Is it just me, or has The Parksider finally delivered a coherent argument after 10000+ lengthy posts? I'm staggered. Fully expect to go onto another thread and see him saying something different, but it's a start.

Is it just me or has Just Browny finally delivered another vacuous stupid post to help take him past 10,000 other such posts.

Fully expect this to go onto another thread and see him saying something just as vacuous and stupid, but maybe it'll end.

Maybe we'll both go on like this and the thread will be locked. Who knows....

#17 Rugby League Wiki

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Posted 14 April 2013 - 11:22 AM

I supported the hopes behind licensing but the necessary three year cycle does have serious negatives. We know we've lost something without relegation.

 

I hope it's possible to take the best from licensing and apply it to a new P&R process. TonyXIII's right, clubs in lower divisions need to be told before the season if they're eligible to go up.

 

I would support giving newly promoted teams two years' exemption from relegation but we could end up with quite a few teams exempt (the two most recently promoted teams and one (or two) French teams) which will inevitably bring complaints when a team x places from bottom is relegated.


Edited by Rugby League Wiki, 14 April 2013 - 11:22 AM.


#18 The Parksider

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Posted 15 April 2013 - 05:35 AM

1. I supported the hopes behind licensing but the necessary three year cycle does have serious negatives. We know we've lost something without relegation.
 
2. I hope it's possible to take the best from licensing and apply it to a new P&R process. TonyXIII's right, clubs in lower divisions need to be told before the season if they're eligible to go up.

1. I agree but

2. The best of licensing was to make the clubs encourage junior RL & develop players, as for P & R the lower divisions have run out of eligble clubs and the higher division still won't want certain clubs relegating.If Toulouse come in they'll be exempted??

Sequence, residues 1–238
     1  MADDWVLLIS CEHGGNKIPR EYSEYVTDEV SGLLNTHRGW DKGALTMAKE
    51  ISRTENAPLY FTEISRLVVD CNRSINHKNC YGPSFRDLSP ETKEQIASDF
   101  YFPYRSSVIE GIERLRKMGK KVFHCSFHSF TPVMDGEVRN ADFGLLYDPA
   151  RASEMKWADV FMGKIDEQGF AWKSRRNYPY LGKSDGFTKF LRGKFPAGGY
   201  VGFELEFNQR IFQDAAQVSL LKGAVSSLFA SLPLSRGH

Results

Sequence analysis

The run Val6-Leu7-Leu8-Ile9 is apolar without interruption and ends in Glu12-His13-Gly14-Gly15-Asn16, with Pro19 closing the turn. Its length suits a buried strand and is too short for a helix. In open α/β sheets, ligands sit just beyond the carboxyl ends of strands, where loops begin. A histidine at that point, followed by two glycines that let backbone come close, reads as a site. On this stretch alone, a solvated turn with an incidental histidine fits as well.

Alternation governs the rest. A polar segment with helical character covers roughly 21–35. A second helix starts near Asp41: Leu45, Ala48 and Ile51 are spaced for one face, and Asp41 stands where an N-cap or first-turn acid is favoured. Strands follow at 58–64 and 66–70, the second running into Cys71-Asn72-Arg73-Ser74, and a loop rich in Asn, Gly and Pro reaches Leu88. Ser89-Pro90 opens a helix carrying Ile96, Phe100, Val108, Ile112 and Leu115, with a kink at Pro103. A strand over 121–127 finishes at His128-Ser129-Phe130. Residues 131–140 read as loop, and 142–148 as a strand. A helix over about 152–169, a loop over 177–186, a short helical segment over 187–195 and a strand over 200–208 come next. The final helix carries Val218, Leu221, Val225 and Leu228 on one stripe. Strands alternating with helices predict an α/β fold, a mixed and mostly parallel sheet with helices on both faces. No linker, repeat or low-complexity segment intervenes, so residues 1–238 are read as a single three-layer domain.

#19 statties

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Posted 16 April 2013 - 09:30 PM

PnR has not been given anywhere near the time required for it to be proven a success or failure.

 

I think that Licencing should be scrapped altogether and nor should there be any PnR. 

 

It should be a target of the RFL and SLE to have a final 10, 12 or 14 teams that make up SL. Perhaps set a four year cut off date when this will happen.

 

Unsuccessful clubs will have to ply their trade in the Championship until the day comes that the RFL and SL have enough money and evidence of demand to help financially sustain a new entry much in the same way as the NRL, NFL and AFL.

 

PnR has had its day in sport's current capitalist culture. Barring a new benefactor, clubs at the top will stay successful and rich while the rest of the competition battles for survival or occasionally the ever elusive consistent place at the top. Football all across Europe is evidence to that.



#20 Lobbygobbler

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Posted 16 April 2013 - 11:09 PM

PnR has not been given anywhere near the time required for it to be proven a success or failure.

I think that Licencing should be scrapped altogether and nor should there be any PnR.

It should be a target of the RFL and SLE to have a final 10, 12 or 14 teams that make up SL. Perhaps set a four year cut off date when this will happen.

Unsuccessful clubs will have to ply their trade in the Championship until the day comes that the RFL and SL have enough money and evidence of demand to help financially sustain a new entry much in the same way as the NRL, NFL and AFL.

PnR has had its day in sport's current capitalist culture. Barring a new benefactor, clubs at the top will stay successful and rich while the rest of the competition battles for survival or occasionally the ever elusive consistent place at the top. Football all across Europe is evidence to that.


That would kill the game.